Ancient Footprints and Fossils: 200-Million-Year-Old Predatory Dinosaurs Unearthed in Northern Skåne’s Norra Albert Clay Pit

Large predatory dinosaurs discovered in Skåne

Part of a jaw from one of the dinosaurs found in Norra Albert. The discovery is just over 200 million years old. Photograph: Grzegorz Niedzwiedzki

Roughly 200-million-year-old footprints of large predatory dinosaurs, along with the skeletons of other dinosaurs, animals and plant fossils, have been discovered in the Norra Albert clay pit in northern Skåne. The discoveries surprised the researchers, as they show that carnivorous dinosaurs of this size existed much earlier than previously known.

“At first, I thought this is too old for such a large footprint, there must be something wrong with the dating. The footprint is 203 million years old, from the Late Triassic period. So I thought, ‘wow, this animal is the same size as an Allosaurus and that’s a little too early for such a big dinosaur,’” explains Grzegorz Niedzwiedzki, Researcher at the Department of Organismal Biology and excavation leader.

But more and more footprints, skeletal parts, plants and even fossilized faeces were unearthed, all of the same age – that is, from the end of the Triassic geological period, or more precisely the very end of the Triassic, just before that period transitioned into the subsequent Jurassic period. This was unexpected, as all previous discoveries around the globe had shown that the dinosaurs of this period were relatively small. However, the predatory dinosaurs from Skåne are some of the oldest found so far and thus point to something completely different.

“We don’t have any complete skeletons, but we do have lots of very well-preserved bones and at least three new species of dinosaur that are so far unknown to science. 90 percent of the collected bone material probably belongs to an individual that was a fairly large predatory dinosaur. But we also have some other bones from what I believe is a very large predatory dinosaur, as we also have a set of large teeth,” adds Niedzwiedzki.

Among the things found in Norra Albert are herbivorous dinosaurs, fossils and remains from many other animals and plants of the period. All of the discoveries collected have been taken to the Museum of Evolution in Uppsala, where the researchers will now study them for many years.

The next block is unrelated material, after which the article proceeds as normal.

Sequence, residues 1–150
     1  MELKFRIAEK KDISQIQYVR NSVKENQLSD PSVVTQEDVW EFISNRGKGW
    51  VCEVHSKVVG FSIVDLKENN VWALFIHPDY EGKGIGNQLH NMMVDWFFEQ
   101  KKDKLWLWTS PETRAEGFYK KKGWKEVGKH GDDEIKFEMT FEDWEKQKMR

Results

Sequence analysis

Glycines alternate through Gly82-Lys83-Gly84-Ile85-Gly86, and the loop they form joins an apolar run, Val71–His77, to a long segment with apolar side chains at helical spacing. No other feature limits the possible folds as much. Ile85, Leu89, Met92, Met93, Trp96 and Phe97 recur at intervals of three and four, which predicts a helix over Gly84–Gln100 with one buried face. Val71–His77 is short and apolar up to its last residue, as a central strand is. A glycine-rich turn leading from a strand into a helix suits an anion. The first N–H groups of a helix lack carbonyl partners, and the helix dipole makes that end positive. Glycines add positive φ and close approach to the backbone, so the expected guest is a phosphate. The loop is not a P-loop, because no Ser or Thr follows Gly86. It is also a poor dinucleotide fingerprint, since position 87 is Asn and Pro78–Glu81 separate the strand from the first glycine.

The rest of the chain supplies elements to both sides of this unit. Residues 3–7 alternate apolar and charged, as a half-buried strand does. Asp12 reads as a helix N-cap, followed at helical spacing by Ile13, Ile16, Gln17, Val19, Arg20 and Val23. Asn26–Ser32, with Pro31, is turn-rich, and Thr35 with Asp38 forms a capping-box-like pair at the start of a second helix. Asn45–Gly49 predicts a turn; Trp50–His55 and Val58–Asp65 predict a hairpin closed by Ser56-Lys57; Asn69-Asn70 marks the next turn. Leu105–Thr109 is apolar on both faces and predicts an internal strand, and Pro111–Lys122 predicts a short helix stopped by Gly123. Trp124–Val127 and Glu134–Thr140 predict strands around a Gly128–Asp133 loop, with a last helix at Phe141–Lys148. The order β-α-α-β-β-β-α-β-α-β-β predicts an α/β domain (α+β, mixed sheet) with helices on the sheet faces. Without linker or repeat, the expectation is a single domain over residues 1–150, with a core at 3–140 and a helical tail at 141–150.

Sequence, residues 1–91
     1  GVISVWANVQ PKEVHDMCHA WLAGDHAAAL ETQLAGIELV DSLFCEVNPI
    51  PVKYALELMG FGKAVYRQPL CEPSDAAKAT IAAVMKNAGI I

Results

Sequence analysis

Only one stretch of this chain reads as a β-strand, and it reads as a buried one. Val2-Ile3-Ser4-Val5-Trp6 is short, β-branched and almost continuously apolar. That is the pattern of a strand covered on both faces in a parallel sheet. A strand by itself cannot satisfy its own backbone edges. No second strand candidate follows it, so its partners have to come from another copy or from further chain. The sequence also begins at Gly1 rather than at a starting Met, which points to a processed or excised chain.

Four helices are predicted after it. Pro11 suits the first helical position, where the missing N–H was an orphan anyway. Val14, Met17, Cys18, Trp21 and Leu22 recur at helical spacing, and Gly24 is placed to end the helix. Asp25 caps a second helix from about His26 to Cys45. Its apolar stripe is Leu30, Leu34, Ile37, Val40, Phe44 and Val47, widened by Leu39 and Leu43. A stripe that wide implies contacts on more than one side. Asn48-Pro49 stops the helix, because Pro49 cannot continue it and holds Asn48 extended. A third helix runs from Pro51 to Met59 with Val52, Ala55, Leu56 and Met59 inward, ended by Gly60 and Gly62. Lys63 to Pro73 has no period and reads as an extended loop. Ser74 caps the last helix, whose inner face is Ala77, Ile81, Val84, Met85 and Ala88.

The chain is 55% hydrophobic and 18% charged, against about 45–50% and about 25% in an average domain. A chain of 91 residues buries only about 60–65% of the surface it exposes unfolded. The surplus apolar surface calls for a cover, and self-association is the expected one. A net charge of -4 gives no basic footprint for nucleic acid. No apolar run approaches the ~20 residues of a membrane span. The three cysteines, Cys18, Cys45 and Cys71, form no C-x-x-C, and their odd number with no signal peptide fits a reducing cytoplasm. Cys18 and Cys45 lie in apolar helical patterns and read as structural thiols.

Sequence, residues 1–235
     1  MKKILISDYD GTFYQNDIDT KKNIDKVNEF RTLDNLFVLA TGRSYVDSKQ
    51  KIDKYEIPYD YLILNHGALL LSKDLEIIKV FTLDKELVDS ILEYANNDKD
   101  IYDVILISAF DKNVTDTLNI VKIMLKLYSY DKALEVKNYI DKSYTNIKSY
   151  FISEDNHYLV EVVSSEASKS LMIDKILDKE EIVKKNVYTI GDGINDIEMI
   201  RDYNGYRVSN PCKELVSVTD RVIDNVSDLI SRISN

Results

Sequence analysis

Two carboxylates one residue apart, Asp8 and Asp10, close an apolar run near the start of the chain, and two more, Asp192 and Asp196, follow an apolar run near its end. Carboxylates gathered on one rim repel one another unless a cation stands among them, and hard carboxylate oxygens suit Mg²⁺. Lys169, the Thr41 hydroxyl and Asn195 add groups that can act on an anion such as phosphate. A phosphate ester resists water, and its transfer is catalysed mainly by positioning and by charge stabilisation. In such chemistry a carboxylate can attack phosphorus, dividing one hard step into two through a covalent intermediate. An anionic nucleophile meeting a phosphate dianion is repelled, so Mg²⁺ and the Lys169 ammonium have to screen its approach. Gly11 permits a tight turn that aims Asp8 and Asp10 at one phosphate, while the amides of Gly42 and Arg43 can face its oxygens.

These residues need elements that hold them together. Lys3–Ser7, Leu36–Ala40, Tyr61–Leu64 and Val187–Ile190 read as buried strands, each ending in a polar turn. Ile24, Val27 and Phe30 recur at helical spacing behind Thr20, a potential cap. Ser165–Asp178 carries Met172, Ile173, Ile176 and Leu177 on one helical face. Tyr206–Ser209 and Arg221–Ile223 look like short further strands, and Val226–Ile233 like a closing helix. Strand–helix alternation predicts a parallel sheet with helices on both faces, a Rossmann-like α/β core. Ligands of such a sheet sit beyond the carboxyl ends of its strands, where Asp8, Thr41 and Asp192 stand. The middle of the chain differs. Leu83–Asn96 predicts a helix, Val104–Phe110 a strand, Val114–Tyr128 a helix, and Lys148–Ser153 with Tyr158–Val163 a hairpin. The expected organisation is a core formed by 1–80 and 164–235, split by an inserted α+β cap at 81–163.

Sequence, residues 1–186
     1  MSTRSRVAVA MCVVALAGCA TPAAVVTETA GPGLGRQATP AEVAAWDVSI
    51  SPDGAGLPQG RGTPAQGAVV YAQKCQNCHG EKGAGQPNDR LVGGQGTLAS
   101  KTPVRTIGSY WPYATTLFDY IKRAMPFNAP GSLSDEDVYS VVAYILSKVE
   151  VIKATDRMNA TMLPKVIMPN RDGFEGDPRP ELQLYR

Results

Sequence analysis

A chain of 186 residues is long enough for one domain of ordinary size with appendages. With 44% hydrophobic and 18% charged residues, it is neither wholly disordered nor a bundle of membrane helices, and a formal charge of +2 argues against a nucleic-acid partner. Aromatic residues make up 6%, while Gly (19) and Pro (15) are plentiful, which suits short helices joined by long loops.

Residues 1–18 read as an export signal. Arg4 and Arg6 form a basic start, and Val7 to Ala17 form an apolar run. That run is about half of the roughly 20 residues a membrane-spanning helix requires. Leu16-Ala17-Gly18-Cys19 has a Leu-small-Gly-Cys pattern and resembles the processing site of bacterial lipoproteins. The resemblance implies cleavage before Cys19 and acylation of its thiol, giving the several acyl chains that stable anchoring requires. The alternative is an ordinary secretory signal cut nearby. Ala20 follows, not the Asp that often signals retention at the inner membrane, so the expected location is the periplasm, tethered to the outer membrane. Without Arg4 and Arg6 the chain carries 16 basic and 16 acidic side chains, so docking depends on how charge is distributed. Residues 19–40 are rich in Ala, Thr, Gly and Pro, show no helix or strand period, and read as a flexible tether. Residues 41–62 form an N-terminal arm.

Some of the footprints are close to 80 centimetreslong. Photo: Grzegorz Niedzwiedzki

“The transition period is a very interesting point in the evolution of ecosystems on land, from the Triassic, where we still have some ancient land-dwelling lifeforms, to the Jurassic, which is completely dominated by dinosaurs. There is a big question mark as to why we see this drastic change. In Skåne, we have a truly unique opportunity to find answers to some of these questions that are connected to how the dinosaurs’ world domination came about. Following the Triassic and Early Jurassic periods, 90 percent of all animals in the land-based systems were dinosaurs,” continues Niedzwiedzki.

Since the researchers found so many fossils from many different kinds of organisms in Norra Albert, they will be able to recreate the habitat of that period. They will also be able to compare the discoveries to those of other places on Earth to try to understand this period better. It is already clear, however, that the discoveries in Skåne are of great scientific value.

“It’s important to do large-scale excavations, because despite the few years of hard work involved, the results are spectacular. We have something completely unique: large collections of fossils from one locality. There are lots of plant fossils, of course, but also dinosaur fossils. It is still possible to do this kind of exploration even here in Sweden. There will be more to come,” adds Niedzwiedzki.

Large amounts of bones have been found, but nocomplete skeletons. Photo: Grzegorz Niedzwiedzki

Grzegorz Niedzwiedzki, Researcher at the Department of Organismal Biology, led the excavations. He is shown here studying a plant fossil.

There are many footprints left by three-toeddinosaurs. Photo: Grzegorz Niedzwiedzki

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